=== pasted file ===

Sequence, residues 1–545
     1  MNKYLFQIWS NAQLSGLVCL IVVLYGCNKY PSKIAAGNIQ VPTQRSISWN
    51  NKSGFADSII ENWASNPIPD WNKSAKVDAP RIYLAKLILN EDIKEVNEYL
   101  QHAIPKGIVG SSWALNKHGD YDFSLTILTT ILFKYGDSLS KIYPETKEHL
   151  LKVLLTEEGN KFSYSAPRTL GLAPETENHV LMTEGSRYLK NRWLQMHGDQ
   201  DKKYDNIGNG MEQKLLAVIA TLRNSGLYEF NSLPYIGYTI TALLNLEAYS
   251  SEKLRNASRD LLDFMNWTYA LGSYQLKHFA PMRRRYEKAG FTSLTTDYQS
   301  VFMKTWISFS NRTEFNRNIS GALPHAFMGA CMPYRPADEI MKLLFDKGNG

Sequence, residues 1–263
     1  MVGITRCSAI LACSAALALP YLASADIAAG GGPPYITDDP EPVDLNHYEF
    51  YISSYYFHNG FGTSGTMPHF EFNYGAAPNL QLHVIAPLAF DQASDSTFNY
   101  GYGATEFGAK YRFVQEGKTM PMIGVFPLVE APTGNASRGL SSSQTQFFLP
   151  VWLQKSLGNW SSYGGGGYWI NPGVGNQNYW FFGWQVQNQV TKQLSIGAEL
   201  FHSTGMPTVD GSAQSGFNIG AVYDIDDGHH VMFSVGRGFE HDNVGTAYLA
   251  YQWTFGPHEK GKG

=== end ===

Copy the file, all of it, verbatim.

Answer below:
Sequence, residues 1–545
     1  MNKYLFQIWS NAQLSGLVCL IVVLYGCNKY PSKIAAGNIQ VPTQRSISWN
    51  NKSGFADSII ENWASNPIPD WNKSAKVDAP RIYLAKLILN EDIKEVNEYL
   101  QHAIPKGIVG SSWALNKHGD YDFSLTILTT ILFKYGDSLS KIYPETKEHL
   151  LKVLLTEEGN KFSYSAPRTL GLAPETENHV LMTEGSRYLK NRWLQMHGDQ
   201  DKKYDNIGNG MEQKLLAVIA TLRNSGLYEF NSLPYIGYTI TALLNLEAYS
   251  SEKLRNASRD LLDFMNWTYA LGSYQLKHFA PMRRRYEKAG FTSLTTDYQS
   301  VFMKTWISFS NRTEFNRNIS GALPHAFMGA CMPYRPADEI MKLLFDKGNG

Sequence, residues 1–263
     1  MVGITRCSAI LACSAALALP YLASADIAAG GGPPYITDDP EPVDLNHYEF
    51  YISSYYFHNG FGTSGTMPHF EFNYGAAPNL QLHVIAPLAF DQASDSTFNY
   101  GYGATEFGAK YRFVQEGKTM PMIGVFPLVE APTGNASRGL SSSQTQFFLP
   151  VWLQKSLGNW SSYGGGGYWI NPGVGNQNYW FFGWQVQNQV TKQLSIGAEL
   201  FHSTGMPTVD GSAQSGFNIG AVYDIDDGHH VMFSVGRGFE HDNVGTAYLA
   251  YQWTFGPHEK GKG